The Tragedy of Tisha B’Av

Photo by Robert Bye on Unsplash

In 2019, Tisha B’Av feels tragic, in the way that a month-old-baby-loses-both-parents-in-a-car-crash feels – to the baby. The baby will cry for a few days or maybe even weeks, missing his mother and her milk. But the baby will be taken in by relatives or adoptive parents who will raise the child as their own, and the baby will never know anything different.

A stable home, loving parents, and when the child is old enough, they’ll be made aware of the tragedy of their parents’ deaths. But can we blame the child for not spiraling into depression, for not tearing his clothes and mourning the loss of parents he never knew?

At least in theory, Tisha B’Av is the most tragic day in the Jewish calendar. Tragedy after tragedy befell the Jewish people on this date: the sin of the spies’ report in the desert, the destruction of both the First and Second Temple, the murder of the Ten Martyrs, the battle of Beitar, the plowing of the Temple Mount, the beginning of the First Crusade, the expulsion of the Jews from England, and then France, and then Spain.

And then, the more recent tragedies on this date: Germany entered World War I; The Nazi Party granted formal approval for The Final Solution; the deportation of Jews from the Warsaw Ghetto to Treblinka, the bombing of the Jewish Community Center in Buenos Aires, the disengagement from Gush Katif and the Gaza Strip. Call it unhappy coincidence or a sign from God, the date of Tisha B’Av is laden with tragedies.

Or, at least, we commemorate all of this on this date. Maybe it’s because we can’t mourn for years to commemorate the First Crusade or the Spanish Inquisition or the beginning World War I and the rise of Nazi Germany (after all, Rome wasn’t built in a day, and the Jew weren’t persecuted in a night), and so we assign a day to mourn these tragedies, and justify that Tisha B’Av is at least “close enough” to a significant day during these time periods that it makes sense. And besides, Tisha B’Av was designated as a day of mourning and tragedy, so why not?

Or maybe, we chose this particular day, Tisha B’Av, to commemorate these tragedies, because if we can lump our mourning for a tragedy from living memory with the perhaps more abstract grieving for the destruction of the Temples two thousand years ago, God will accept our collective mourning as genuine penance and yearning for a time and place we’ve never known and cannot possibly truly miss.

And so: Do we punish the child for being content with the life they’ve been given? Do we expect the child to mourn and cry and yearn for the parents they never knew and cannot miss?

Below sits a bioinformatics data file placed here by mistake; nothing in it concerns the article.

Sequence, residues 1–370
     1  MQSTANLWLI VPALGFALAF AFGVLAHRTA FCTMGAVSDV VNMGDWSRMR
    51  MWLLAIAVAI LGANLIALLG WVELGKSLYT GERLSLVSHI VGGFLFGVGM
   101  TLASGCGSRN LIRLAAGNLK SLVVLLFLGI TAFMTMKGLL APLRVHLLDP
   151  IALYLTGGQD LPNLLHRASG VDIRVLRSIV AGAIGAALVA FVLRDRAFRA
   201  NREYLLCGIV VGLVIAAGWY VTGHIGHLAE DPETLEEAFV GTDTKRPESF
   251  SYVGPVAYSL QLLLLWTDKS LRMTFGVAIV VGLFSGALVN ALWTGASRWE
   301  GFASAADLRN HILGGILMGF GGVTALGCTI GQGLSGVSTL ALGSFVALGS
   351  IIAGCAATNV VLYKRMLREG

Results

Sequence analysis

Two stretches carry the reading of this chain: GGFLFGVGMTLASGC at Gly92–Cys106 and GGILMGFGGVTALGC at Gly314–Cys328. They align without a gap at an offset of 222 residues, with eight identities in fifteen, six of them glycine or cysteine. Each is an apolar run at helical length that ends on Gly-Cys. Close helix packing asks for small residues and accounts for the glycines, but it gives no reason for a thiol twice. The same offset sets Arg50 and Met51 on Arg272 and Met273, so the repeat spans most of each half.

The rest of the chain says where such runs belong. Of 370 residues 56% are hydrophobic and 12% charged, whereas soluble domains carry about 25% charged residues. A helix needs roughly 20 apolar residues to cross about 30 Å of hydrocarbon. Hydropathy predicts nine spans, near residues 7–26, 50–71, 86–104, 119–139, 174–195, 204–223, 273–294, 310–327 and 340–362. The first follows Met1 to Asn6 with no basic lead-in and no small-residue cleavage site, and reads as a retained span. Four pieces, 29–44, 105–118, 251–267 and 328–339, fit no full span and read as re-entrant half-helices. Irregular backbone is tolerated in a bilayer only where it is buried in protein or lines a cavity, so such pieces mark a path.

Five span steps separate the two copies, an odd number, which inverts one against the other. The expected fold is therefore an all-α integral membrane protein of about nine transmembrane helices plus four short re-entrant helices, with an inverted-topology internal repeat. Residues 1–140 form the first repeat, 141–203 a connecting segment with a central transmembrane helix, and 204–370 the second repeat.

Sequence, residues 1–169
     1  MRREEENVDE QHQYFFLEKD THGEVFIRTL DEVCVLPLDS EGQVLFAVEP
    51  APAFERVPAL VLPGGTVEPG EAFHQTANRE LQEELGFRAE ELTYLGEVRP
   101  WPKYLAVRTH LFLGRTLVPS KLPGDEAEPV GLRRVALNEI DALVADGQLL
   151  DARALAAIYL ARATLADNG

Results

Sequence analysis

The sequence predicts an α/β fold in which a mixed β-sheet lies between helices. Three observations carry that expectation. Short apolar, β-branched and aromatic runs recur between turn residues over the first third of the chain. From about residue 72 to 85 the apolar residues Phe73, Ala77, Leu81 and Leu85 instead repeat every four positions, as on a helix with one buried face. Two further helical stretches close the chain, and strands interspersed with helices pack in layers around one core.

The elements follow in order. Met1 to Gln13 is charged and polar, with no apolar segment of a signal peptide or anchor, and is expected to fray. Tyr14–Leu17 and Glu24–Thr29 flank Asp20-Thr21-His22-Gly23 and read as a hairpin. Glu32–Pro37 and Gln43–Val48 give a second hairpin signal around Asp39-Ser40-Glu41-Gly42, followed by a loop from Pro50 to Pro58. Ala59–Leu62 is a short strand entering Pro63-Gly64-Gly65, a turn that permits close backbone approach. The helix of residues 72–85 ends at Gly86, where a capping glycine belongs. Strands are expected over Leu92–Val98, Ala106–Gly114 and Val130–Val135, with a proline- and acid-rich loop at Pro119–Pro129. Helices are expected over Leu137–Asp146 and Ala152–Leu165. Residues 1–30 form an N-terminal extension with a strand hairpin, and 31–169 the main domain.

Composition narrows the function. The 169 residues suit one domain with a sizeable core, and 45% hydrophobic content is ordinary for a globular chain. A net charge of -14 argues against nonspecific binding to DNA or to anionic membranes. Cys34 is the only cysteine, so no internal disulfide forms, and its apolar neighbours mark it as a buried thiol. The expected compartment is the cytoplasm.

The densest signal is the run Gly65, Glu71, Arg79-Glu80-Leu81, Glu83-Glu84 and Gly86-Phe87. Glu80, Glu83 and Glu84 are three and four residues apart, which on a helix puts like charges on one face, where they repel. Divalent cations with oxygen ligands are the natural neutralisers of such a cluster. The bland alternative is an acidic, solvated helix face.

Because realistically, we are content. Regardless of where you are in the world and despite the recent rise in anti-Semitism, we are, for the most part, content. Jobs, education, housing, wealth, freedom of speech and religion – it’s all available to us and we take it and we busy ourselves with the pursuit and practice of it all. If we weren’t content, I’d venture to guess that Aliyah rates would be much higher, religious practice would be more meaningful and less rote, and that we’d be much more active in a creating a radical change in our lifestyles, our treatment of others, and our and connection to God.

That’s what I imagine it would look like if we had even an inkling of what we were missing and a genuine desire to bring it back. But instead, we’re content with life as it is – and maybe that is part of the tragedy. We are so far removed and disconnected that we struggle to mourn for national tragedies and we have no idea how to rectify our situation, because we don’t really feel that it needs to be remedied – and that in itself is a tragedy.

So every once in a while, God sends us another wakeup call, there’s more suffering – but does anything really change? As we get more and more distant from even the recent tragedies, as the number of Holocaust survivors dwindle and those displaced from Gush Katif make lives for themselves elsewhere, we continue to lump our mourning for the Jews’ most recent tragedies with the rest of the tragedies we’ve suffered in the last 4,000 years. And one day each year, we attempt to grieve and mourn and afflict ourselves and yearn for redemption, whatever that is, and we hope that it’s enough, and that this year will be the year that we finally get to see what we’ve been missing.

About the Author
Originally from Cleveland, Ohio; a proud product of a Bnei Akiva upbringing; passionate about Israel, Judaism, and humanity at large. Adina currently works in the Jewish non-profit world and resides in NYC.
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